Take a look at the following bash shell script. (We have to imagine that this is part of a much larger script that will take a considerable amount of time to run.)

#!/bin/bash

# ...
# in the middle of some long script
# obtain a response from the user
# ...

echo "Are you happy to proceed? [y,n]"
read input

# did we get an input value?
if [ "$input" == "" ]; then

   echo "Nothing was entered by the user"

# was it a y or a yes?
elif [[ "$input" == "y" ]] || [[ "$input" == "yes" ]]; then

   echo "Positive response: $input"

# treat anything else as a negative response
else

   echo "negative response: $input"

fi

This script asks a question and waits for an answer. The logical flow within the script is determined by the input of the user.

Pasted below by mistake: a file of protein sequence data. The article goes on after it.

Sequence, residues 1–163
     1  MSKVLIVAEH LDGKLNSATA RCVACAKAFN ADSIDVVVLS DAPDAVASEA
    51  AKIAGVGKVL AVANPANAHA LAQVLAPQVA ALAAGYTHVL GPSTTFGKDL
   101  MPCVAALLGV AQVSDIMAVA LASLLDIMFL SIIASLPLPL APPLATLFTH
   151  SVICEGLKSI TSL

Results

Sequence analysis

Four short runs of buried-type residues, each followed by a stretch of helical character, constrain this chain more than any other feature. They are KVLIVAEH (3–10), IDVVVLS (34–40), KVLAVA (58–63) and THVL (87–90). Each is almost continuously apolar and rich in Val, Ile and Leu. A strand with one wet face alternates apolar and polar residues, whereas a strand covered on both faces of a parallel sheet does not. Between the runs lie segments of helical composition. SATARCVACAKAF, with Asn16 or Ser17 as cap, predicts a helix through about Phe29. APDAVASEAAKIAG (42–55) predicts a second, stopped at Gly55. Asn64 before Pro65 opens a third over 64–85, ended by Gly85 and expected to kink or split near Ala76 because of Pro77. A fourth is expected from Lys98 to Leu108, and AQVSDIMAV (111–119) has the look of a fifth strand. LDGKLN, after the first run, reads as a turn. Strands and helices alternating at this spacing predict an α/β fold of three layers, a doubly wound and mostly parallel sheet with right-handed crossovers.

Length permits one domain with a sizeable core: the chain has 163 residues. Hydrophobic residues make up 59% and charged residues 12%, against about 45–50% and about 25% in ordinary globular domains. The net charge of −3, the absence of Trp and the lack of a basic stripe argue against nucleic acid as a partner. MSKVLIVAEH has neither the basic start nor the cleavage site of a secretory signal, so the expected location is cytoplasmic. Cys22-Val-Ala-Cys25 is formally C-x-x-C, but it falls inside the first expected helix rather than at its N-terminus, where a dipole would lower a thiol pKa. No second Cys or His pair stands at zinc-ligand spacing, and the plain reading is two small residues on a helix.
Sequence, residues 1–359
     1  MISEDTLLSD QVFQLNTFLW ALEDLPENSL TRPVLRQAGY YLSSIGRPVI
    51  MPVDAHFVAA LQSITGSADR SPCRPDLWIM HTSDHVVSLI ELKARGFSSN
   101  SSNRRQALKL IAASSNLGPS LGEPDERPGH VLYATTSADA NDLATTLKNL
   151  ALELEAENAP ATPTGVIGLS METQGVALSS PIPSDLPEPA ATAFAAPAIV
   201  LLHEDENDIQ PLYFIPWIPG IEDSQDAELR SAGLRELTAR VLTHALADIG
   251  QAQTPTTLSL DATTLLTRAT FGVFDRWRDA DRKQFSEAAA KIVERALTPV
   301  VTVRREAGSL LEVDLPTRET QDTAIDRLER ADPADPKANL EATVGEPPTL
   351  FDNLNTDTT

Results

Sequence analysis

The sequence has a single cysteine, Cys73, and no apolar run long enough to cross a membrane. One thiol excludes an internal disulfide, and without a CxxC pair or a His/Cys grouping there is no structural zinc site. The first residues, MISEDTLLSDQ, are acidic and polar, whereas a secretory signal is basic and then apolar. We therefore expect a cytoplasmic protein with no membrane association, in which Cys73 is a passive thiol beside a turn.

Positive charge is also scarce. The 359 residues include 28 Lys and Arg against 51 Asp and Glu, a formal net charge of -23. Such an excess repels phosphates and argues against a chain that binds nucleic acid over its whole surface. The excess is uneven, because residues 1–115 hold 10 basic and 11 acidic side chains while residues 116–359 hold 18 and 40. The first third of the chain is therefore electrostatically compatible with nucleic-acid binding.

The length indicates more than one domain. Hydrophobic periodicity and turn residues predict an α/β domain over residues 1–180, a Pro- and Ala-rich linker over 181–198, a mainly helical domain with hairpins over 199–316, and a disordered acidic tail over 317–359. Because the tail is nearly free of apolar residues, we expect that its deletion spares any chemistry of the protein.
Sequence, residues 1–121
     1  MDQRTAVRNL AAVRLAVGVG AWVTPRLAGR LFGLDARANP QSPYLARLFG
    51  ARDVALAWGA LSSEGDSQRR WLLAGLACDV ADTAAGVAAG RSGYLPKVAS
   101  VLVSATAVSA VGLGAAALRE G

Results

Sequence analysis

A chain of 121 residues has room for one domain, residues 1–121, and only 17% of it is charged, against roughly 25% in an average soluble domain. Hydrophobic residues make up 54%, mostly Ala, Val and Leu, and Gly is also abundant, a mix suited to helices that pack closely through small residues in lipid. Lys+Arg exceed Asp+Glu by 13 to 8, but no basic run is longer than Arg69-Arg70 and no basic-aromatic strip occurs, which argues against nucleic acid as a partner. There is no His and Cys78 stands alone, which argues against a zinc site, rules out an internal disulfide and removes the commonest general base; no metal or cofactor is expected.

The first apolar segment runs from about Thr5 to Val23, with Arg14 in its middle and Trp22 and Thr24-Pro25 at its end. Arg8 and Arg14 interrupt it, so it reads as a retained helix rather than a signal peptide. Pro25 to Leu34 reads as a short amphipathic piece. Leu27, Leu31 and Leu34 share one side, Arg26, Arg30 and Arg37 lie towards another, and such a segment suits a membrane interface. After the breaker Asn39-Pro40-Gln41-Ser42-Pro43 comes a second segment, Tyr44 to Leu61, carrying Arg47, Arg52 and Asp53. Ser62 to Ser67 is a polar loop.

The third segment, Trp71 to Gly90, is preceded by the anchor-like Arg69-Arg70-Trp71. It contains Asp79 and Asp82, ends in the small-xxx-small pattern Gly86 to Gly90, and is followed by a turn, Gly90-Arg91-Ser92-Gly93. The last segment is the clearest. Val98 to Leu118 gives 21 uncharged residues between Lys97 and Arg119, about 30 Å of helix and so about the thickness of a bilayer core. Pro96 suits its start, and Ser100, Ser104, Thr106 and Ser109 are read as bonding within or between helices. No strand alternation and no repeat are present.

• A “yes” or “y” indicates a positive answer.
  • Any other input counts as a negative answer.
  • To press Enter without input text does nothing.

To test this, copy the script to a file and save it as long_script.sh. Use chmod to make executable.

chmod +x long_script.sh


Run the script with the following command. Type “yes”, “y” and anything else as input, including pressing Enter without input text.

./long_script.sh

Receive yes To give our answer to the script’s question, derive the output from yes to the script.

yes | ./long_script.sh

Some scripts are stricter in their requirements and only accept the full word “yes” as a positive answer. You can specify “yes” as a parameter to yes, as follows:

yes yes | ./long_script.sh

Don’t say yes without thinking about it

You need to be sure that the input you put into the script or program will definitely produce the result you expect. In order to make this decision, you need to know the questions and your answers.